Grassley: Democratic Leaders Should Protect Senate Position on Minimum Wage Package
Mr. President, we’re finishing up debate on the Senate minimum wage/small business tax relief bill. The Senate invoked cloture on the Baucus Substitute amendment. It contained two basic components. The first one is the proposed increase in the Federal minimum wage. The second component is tax incentives to assist workers and businesses burdened by the increased Federal minimum wage. That part of the package was approved, on a bipartisan basis, by the Finance Committee late last month.
Now, by approving the Baucus substitute on an overwhelmingly bipartisan vote, the Senate has made its will clear: a minimum wage increase must be linked to small business tax relief package. In the normal course of events, after Senate passage, the amended House bill would either go into conference or go back to the House as amended. We call the latter procedure “ping-pong.”
Since tax matters were linked and the House bill doesn’t have tax provisions, the House Democratic Leadership and tax writers have threatened to send the Senate bill back to the Senate. They will claim that they are protecting prerogatives of the House.
We find ourselves stuck on minimum wage because the House Democrats have threatened to use the “Blue Slip” procedure. So, no one should be mistaken. It is House Democrats, not Senate Republicans, who are delaying passage of the minimum wage. If House Democrats send us a suitable revenue bill, Senate Republicans will be ready to move expeditiously to the next step. Right now, we can’t move.
Now, if the House Democrats send us a minimum wage-related revenue bill, what happens next? That’s up to our Democratic and Republican leaders.
There are two basic avenues to take. One is a conference. The other is to amend the House revenue bill back with the Senate-passed bill and send it to the House.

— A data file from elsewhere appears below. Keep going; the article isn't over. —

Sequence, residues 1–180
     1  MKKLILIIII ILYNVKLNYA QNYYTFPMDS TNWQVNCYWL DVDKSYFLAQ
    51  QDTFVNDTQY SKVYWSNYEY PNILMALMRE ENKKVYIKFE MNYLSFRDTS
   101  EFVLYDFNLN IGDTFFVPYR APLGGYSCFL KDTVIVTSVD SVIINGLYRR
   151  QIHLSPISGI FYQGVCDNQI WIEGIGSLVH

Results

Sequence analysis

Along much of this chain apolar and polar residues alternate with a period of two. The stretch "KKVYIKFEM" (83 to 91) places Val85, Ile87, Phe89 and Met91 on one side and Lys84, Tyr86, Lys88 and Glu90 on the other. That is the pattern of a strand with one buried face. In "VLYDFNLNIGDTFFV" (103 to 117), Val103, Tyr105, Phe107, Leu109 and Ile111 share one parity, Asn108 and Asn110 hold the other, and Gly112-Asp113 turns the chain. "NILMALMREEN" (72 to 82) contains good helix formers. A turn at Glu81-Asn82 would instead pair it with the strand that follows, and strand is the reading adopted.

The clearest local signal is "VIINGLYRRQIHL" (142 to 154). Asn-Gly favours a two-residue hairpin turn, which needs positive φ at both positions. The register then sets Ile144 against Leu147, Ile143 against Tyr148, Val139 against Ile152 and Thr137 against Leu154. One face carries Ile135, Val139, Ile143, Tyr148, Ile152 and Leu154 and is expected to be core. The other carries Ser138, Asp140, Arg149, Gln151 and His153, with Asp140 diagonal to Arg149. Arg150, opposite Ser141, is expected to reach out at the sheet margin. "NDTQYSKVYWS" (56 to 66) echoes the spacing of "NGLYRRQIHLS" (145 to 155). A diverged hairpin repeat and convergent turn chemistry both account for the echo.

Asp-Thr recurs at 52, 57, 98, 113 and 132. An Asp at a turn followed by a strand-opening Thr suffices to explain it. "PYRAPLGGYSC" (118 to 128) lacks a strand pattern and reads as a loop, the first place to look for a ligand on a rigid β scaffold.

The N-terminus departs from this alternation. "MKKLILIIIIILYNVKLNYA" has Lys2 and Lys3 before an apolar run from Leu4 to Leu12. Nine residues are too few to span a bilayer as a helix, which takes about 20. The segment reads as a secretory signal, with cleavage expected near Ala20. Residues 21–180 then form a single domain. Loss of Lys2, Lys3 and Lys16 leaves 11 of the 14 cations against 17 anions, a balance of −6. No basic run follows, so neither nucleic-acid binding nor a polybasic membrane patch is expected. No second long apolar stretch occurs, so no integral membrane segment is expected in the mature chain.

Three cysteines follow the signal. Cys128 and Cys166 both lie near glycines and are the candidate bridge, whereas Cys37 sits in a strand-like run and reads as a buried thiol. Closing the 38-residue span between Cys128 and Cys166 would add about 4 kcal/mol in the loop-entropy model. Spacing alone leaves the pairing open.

On tax bills, we have used both approaches over the last few years. For instance, the Hurricane Katrina tax relief measures never went to conference. On the other hand, we had conferences on the tax relief reconciliation bill and the pension bill.
Still another approach would be for the House to combine its minimum wage bill with the Senate tax relief package and send it over here. That route, though unusual, has also worked.
In this case, I’ve indicated to my Republican Leadership that I’m wary about the conference option The Senate Democratic Leadership only came to linking minimum wage with small business tax relief after Chairman Baucus relayed the Republican position to them. It took a cloture vote to prove Chairman Baucus right.
So, if we go to conference, the Senate Democratic Leadership and House Democratic Leadership might be perfectly willing to scrap the Senate’s position.
Apparently, at a pen and pad session with reporters today, the Majority Leader indicated as much. He told reporters he wanted a “clean” minimum wage bill to come out of conference. Now, I’m told the Majority Leader’s press operation has attempted to change the impression those remarks left.
Let’s just say I’m reasonably suspicious of those kinds of “clarifications.” Apparently, the Majority Leader also said he’d be prepared to dare Republicans to filibuster a clean minimum wage conference report. By “clean,” he appears to be referring to the term used by House and Senate Democratic Leadership to mean no linked small business tax relief.
Make no mistake -- the easiest and quickest way to send a minimum wage bill to the President would be for the House to send the Senate a bill identical to the Senate-passed bill.
An alternative quick option would be for the House to send us a revenue bill and the Senate would amend the bill and send it to the House. The House could then send the bill to the President’s desk.
The conference option could be troublesome. It could be drawn out. Or, it could be a way for the House and Senate Democratic Leadership to subvert the Senate position. That would not be a good way to start out the new session. In a conference setting, it would mean the Senate Democratic Leadership acting in a manner that is at odds with how it said it was going to conduct business.
I counsel my leadership and the Democratic Leadership to consider my concerns about the next step. I yield the floor.
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